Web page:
And yet, for five months I sat mesmerized every Tuesday and Thursday from 1:30 pm to 3:00 pm as we worked our way through Paradise Lost and seemingly hundreds of other works by the master poet. Mostly we just listened to this brilliant man wax eloquently about timeless notions of faith, destiny, beauty and death. Every so often, when we were lucky, Reynolds would say “I’d like to read now.” I physically remember holding my breath when those moments happened, because in them he became a different person—it was as if the personal pain dropped away for a few moments: his countenance brightened, his eyes began to sparkle, and that stunted voice transformed into a rich, sonorous baritone that I can still hear today. When he read the passage that he called “the seminal moment of Christian faith” in Paradise Lost,3 he seemed transformed—“On me let Death wreak all his rage,” he read, and in his anguish at that moment seemed to covet those words for himself.

Reynolds wrote that, even after “full catastrophe,” his life had “gone still better” and was full of “more love and care, more knowledge and patience, more work in less time.”

There was only one assignment in the class: an essay in which we students were asked to “say something unique and beautiful about Milton.” Now, these many years later, I have no idea what my essay was about, but I do recall sitting down with him to discuss it after I’d turned it in. He liked to give an “exit interview” to each student in which he shared his thoughts and handed out the dreaded grades. To me he said, in that slow, halting voice: “Mr. Bailey, there are some ideas here that are unique, and some that could be called beautiful, but never both at the same time. Perhaps one day you’ll figure out how to introduce them.” After my experience in this transformative class and this hopeful counsel, I happily took my B.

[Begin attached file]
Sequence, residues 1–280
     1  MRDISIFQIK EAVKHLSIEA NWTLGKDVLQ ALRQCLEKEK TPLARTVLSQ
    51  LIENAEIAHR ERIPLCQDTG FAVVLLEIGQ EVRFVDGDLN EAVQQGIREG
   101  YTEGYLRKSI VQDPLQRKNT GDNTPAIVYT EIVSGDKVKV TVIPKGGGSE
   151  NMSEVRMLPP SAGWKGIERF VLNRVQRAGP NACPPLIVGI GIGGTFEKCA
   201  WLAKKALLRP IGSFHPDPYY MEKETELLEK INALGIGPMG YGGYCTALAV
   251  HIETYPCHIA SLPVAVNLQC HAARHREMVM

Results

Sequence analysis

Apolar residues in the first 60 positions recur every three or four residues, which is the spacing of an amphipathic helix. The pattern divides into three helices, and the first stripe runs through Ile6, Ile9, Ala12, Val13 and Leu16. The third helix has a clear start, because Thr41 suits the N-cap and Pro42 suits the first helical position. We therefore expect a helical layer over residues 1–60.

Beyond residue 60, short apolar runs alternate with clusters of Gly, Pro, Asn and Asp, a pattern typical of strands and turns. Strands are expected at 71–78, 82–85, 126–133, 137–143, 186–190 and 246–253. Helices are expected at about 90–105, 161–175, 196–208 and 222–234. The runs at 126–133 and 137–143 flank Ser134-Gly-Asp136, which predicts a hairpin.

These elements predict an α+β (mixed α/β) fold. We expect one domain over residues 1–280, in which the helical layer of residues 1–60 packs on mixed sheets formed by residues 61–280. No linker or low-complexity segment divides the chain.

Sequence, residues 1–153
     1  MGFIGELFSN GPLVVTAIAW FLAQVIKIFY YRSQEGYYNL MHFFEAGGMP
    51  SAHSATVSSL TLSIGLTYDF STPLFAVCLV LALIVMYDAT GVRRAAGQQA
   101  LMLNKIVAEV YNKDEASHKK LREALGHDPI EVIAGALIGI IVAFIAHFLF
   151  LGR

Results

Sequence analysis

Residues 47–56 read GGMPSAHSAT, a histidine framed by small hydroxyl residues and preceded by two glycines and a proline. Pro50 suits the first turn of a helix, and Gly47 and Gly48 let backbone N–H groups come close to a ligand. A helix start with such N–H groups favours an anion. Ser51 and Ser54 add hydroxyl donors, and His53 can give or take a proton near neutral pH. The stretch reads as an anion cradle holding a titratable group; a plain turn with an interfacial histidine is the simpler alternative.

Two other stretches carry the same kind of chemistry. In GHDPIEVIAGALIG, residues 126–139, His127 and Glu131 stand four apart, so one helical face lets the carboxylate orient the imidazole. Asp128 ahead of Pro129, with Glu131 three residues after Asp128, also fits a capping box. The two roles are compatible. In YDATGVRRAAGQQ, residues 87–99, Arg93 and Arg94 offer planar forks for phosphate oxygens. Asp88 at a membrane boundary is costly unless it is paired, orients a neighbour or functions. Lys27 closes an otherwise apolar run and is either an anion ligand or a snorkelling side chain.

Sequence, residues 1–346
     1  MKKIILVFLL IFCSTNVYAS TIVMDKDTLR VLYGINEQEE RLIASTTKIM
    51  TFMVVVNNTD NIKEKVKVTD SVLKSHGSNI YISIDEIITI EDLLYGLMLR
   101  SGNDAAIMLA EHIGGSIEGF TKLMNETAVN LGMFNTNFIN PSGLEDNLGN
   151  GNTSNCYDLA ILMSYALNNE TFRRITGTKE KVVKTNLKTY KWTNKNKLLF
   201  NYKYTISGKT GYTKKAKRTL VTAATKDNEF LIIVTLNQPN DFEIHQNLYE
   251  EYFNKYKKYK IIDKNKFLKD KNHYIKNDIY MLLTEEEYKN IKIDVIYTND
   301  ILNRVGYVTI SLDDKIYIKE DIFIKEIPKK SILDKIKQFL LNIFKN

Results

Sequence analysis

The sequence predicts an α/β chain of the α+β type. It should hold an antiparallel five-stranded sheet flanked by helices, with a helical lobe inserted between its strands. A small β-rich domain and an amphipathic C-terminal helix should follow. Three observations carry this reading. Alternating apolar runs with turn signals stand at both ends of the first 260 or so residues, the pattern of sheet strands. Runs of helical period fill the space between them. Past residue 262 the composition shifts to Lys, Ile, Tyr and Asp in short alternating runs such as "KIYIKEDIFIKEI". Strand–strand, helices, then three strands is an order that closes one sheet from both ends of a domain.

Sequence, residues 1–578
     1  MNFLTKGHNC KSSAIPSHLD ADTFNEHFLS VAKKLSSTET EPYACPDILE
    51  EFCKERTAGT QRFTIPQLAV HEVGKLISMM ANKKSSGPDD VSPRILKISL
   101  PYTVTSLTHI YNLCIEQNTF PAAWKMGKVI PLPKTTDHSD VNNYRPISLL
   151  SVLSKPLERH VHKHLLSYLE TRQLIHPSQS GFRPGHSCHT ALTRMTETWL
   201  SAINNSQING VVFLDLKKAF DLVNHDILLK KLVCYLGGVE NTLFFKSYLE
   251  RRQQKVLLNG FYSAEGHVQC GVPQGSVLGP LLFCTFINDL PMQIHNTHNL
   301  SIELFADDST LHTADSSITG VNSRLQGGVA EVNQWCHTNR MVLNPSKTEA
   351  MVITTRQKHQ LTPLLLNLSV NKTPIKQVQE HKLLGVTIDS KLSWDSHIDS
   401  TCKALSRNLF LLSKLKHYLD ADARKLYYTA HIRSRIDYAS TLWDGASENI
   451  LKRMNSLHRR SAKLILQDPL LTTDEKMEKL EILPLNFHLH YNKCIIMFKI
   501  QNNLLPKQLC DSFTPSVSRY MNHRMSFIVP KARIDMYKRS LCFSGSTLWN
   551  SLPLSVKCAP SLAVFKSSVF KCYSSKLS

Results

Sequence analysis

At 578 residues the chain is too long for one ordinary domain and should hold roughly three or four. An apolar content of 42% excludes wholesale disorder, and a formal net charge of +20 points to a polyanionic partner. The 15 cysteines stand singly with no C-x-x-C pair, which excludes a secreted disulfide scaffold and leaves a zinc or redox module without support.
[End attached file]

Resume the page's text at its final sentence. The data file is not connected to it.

I returned to Duke for law school a few years after college and had the chance to get to know Reynolds socially at that time. We were not close, and he didn’t share with me the secrets of his genius, but he did once tell me that “if you let it, tragedy can bring a kind of patience and watchfulness that you never knew was possible.” Around that time, he mentioned that he had been corresponding with a young doctor who had a terminal diagnosis and was struggling with questions of faith, fate and how to overcome paralyzing fear.

Reynolds died of a heart attack in 2011, several years after I last spoke to him. In 2017, when I had my own bout with disease, I had this palpable wish to speak to him again, to see if he had any more wisdom for me. It was only then that I learned that he had ultimately published those letters with the young doctor in the form of a little essay, “Letter to a Man in the Fire,” which wound up being a touchstone for me, as he described “the bottomless mystery of suffering” juxtaposed against our “fierce hope to live.”

My takeaway is this: In the face of the uncertainty and upheaval of a global pandemic and what seems to be a societal awakening to gross injustice, we all have a need to both sit with and even appreciate suffering (our own and others’) in order fully to understand the gift of life. In one of his many memoirs, Reynolds wrote that, even after “full catastrophe,” his life had “gone still better” and was full of “more love and care, more knowledge and patience, more work in less time.”4 What a thing to say, and what courage it took to live that way. I think he would relish this time in which we’re living—because it forces us, to varying degrees and in different ways each day, to immerse ourselves in discomfort, sadness and suffering, and through that to find fierce hope.5

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1. Bowler, a writer and professor, was diagnosed with terminal cancer at age 35. She went on to write Everything Happens for a Reason (and Other Lies I’ve Loved) in 2018.

2. As a total tangent, if you haven’t read her novel Rich in Love (1987), treat yourself to it. It’s the best coming-of-age story you’ve probably never heard of.

3. Book III, lines 236-241.

4. A Whole New Life (1994).

5. As a postscript, I am delighted to have the chance to write this note on the last day of Pride Month for an entirely separate reason: Reynolds was the first openly gay adult I knew personally. (Yes, I know that seems impossible to believe, but growing up in the 70s and 80s in the Deep South, it wasn’t very far-fetched.)

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Kevin Bailey, a Brunswick Partner in Washington, DC, was BP’s head Washington lawyer and a key strategist for the company’s response to the Deepwater Horizon accident.

Photograph: Eddie Hausner/The New York Times/Redux